“Avoid­ing ac­tive dis­cus­sion, in an ef­fort not to have to con­front the more nu­anced eth­i­cal im­pli­ca­tions that might emerge, is no less disin­gen­u­ous”

Financial Mirror (Cyprus) - - FRONT PAGE -

The key to en­forc­ing this ac­count­abil­ity is ac­tive cit­i­zen­ship. Taught in schools around the world, from Canada to the United King­dom, ac­tive cit­i­zen­ship means po­lit­i­cal par­tic­i­pa­tion at ev­ery level. It is not just a nice idea; it a dy­namic and vi­tal con­cept that in­di­vid­u­als, or­gan­i­sa­tions, and in­sti­tu­tions should be putting into prac­tice ev­ery day.

The ethos of ac­tive cit­i­zen­ship ap­plies in ev­ery sphere. Speak­ing up about a con­tro­ver­sial is­sue in a board meet­ing not so long ago, I felt it was im­por­tant to note that I was speak­ing not just as a board mem­ber, but also as a per­son. That recog­ni­tion, how­ever trite it may sound, served as a pow­er­ful re­minder of a broader les­son: that one must main­tain one’s sense of right and wrong, re­gard­less of the cir­cum­stances.

Con­vinc­ing one­self that a de­ci­sion is purely prag­matic, in or­der to avoid knotty eth­i­cal ques­tions, is not an op­tion. If I, as a per­son, be­lieve in pro­tect­ing the en­vi­ron­ment, or seek in my per­sonal life and busi­ness to pro­tect my own se­cu­rity and pri­vacy, I can­not aban­don those be­liefs in the board­room in the name of profit. Avoid­ing ac­tive dis­cus­sion, in an ef­fort not to have to con­front the more nu­anced eth­i­cal im­pli­ca­tions that might emerge, is no less disin­gen­u­ous.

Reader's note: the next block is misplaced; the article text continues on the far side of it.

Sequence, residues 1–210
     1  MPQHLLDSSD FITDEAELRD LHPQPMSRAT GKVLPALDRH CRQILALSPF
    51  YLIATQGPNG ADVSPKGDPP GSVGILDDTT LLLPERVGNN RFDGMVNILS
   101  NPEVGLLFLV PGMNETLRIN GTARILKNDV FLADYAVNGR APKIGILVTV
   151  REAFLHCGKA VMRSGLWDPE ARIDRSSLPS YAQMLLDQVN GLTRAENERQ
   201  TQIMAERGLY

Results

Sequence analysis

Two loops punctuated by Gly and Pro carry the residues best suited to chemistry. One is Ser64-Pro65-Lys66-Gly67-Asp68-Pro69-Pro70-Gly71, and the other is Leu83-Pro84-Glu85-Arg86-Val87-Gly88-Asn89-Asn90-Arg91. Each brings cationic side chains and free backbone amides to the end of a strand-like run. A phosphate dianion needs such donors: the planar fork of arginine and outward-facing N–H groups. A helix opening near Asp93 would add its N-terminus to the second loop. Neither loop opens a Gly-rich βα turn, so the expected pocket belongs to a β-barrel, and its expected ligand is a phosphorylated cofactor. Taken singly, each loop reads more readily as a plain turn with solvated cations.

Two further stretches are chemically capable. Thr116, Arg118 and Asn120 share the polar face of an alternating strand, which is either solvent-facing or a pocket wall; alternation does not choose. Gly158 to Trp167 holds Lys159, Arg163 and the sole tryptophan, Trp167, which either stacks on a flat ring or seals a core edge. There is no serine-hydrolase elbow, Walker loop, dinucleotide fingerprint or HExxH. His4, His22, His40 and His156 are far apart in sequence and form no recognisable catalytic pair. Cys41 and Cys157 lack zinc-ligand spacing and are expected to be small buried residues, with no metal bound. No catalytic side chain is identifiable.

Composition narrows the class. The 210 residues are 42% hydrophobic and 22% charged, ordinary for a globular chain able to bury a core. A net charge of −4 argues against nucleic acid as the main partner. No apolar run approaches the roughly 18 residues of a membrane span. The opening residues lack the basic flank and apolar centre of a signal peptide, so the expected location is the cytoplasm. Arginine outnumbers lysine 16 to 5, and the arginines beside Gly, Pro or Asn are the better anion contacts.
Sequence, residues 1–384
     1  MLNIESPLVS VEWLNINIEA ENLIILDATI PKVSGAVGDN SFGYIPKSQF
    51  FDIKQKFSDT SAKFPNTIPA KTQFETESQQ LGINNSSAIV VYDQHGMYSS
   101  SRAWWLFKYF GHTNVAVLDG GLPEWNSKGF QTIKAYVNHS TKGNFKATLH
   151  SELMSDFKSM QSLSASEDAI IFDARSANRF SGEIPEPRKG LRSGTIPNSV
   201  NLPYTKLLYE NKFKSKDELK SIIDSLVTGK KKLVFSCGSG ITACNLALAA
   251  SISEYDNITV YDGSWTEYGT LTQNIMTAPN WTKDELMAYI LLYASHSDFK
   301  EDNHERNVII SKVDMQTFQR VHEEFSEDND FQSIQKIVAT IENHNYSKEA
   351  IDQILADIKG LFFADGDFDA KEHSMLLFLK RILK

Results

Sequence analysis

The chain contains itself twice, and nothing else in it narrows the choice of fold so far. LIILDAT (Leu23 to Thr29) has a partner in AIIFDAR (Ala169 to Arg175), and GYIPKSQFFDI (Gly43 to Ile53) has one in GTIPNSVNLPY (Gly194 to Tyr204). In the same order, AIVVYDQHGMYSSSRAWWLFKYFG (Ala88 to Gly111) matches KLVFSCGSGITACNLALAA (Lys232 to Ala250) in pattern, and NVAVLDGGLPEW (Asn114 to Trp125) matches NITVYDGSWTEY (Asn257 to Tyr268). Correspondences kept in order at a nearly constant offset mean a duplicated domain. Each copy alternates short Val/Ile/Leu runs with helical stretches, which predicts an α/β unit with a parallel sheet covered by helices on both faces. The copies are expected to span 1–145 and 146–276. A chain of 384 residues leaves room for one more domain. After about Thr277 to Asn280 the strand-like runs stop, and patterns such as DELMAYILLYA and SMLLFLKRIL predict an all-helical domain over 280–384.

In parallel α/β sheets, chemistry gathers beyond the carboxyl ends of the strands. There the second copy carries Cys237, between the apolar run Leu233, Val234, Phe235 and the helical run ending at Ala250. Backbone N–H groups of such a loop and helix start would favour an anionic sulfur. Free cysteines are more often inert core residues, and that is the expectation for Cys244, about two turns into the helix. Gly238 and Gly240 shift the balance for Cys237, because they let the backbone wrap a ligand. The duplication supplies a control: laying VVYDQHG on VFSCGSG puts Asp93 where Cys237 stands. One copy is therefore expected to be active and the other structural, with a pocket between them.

Be­ing an ac­tive and en­gaged cit­i­zen means be­ing au­then­tic and em­pa­thetic. It means con­sid­er­ing not only what an is­sue means for us, in­di­vid­u­ally, but also how it af­fects oth­ers. Many have won­dered why Amer­i­can foot­ball play­ers, who of­ten make mil­lions of dol­lars per sea­son, are protest­ing in­jus­tice. The rea­son is sim­ple: ac­tive cit­i­zen­ship means stand­ing up – or kneel­ing down – for what we be­lieve in, whether it be a gov­ern­ment free of cor­rup­tion or law en­force­ment free of racism.

An ethos of per­sonal in­tegrity and au­then­tic­ity may seem pow­er­less in the face of un­bri­dled greed and nar­cis­sism. And yet the dif­fi­cult and try­ing times in which we find our­selves re­flect the need to place more em­pha­sis, not less, on the val­ues we claim to up­hold, and on de­vis­ing ways to re­alise those val­ues in our com­mu­ni­ties and coun­tries.

Newspapers in English

Newspapers from Cyprus

© PressReader. All rights reserved.